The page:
Commonly called elephant's ears, alocasia plants belong to a genus of more than 70 different species, all native to southern areas of Asia. Large, bold, arrow-shaped leaves marked with prominent and sometimes colorful veins characterize the plants. Gardeners typically grow alocasia species in tropical climates or as houseplants, though many types will survive in northern gardens with proper winter care. Winter hardiness varies among species, though most types of alocasia perform as perennials in USDA hardiness zones 8 through 11. Elsewhere in the country, the plants must be removed from the garden before the first frost of winter or grown indoors in containers.
Dig a hole in the soil just deep enough to hold the plant's rhizome. Place the rhizome in the hole, and then cover lightly with soil.
Water thoroughly immediately after planting to soak the soil and collapse any air pockets. Space alocasia plantings 4 to 6 feet apart to accommodate their mature spread. Continue to water lightly once every five days for the first three to eight weeks of growth or until the plant emerges from the soil.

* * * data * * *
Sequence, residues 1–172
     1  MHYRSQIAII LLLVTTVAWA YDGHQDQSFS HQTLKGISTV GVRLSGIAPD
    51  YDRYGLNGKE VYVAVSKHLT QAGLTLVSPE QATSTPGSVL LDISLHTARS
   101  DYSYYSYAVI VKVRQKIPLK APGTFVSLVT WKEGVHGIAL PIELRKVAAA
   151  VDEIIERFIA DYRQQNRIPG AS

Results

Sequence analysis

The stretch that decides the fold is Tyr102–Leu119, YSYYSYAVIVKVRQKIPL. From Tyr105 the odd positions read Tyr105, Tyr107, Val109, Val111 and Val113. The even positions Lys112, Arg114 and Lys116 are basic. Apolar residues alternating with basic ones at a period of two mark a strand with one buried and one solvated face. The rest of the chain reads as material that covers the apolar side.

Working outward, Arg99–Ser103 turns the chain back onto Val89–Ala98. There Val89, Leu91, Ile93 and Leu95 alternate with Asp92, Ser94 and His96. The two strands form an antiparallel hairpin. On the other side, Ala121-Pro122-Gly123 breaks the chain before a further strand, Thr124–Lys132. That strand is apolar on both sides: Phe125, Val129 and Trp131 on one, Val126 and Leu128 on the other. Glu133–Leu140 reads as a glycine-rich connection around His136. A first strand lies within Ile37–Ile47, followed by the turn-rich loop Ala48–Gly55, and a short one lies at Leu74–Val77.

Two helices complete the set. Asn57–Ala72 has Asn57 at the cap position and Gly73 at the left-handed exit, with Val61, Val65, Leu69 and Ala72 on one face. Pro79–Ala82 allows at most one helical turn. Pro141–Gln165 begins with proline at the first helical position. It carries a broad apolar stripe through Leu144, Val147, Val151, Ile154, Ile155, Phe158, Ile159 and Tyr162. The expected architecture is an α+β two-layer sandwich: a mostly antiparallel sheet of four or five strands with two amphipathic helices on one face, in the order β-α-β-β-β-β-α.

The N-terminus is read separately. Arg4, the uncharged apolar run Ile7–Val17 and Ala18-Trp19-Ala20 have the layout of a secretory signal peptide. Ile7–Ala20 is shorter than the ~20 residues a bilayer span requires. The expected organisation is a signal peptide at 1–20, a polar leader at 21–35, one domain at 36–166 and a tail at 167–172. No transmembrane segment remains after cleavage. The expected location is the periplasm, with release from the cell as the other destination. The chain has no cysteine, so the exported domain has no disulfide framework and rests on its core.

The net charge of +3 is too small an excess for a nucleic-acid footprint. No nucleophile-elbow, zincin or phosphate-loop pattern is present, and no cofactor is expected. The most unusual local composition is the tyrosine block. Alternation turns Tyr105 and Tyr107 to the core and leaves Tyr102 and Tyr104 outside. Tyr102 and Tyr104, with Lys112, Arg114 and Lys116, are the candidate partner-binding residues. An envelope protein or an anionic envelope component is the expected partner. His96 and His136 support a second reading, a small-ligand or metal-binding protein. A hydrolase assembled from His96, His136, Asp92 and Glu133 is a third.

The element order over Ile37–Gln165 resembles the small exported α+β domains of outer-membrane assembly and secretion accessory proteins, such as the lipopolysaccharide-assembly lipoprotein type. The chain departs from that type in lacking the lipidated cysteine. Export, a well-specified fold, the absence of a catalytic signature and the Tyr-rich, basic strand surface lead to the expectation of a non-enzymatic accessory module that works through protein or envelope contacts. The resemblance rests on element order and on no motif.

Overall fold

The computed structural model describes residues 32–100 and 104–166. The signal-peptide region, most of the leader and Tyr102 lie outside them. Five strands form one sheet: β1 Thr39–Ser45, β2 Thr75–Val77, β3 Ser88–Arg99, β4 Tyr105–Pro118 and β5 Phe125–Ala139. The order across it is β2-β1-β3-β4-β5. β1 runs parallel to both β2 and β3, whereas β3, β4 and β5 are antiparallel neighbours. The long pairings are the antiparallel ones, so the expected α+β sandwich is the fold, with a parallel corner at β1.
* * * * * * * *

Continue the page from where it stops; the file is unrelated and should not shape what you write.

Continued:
Water alocasia once every week during spring, summer and fall to keep the soil moist at all times. Do not water during winter, when active growth has ceased. Apply water directly to the soil to avoid getting the foliage wet, which increases the risk of fungal diseases.
Feed once every three weeks during spring and summer using a complete 20-20-20 NPK fertilizer at half the strength recommended on the package. Water lightly both before and after applying to release the nutrients into the soil and prevent injuring the roots.
Dig up alocasia rhizomes immediately after the first frost of winter in zones above 8. Remove all dirt and allow the rhizomes to dry in a shady location for 24 hours. Store indoors in slightly moist peat moss until the following spring.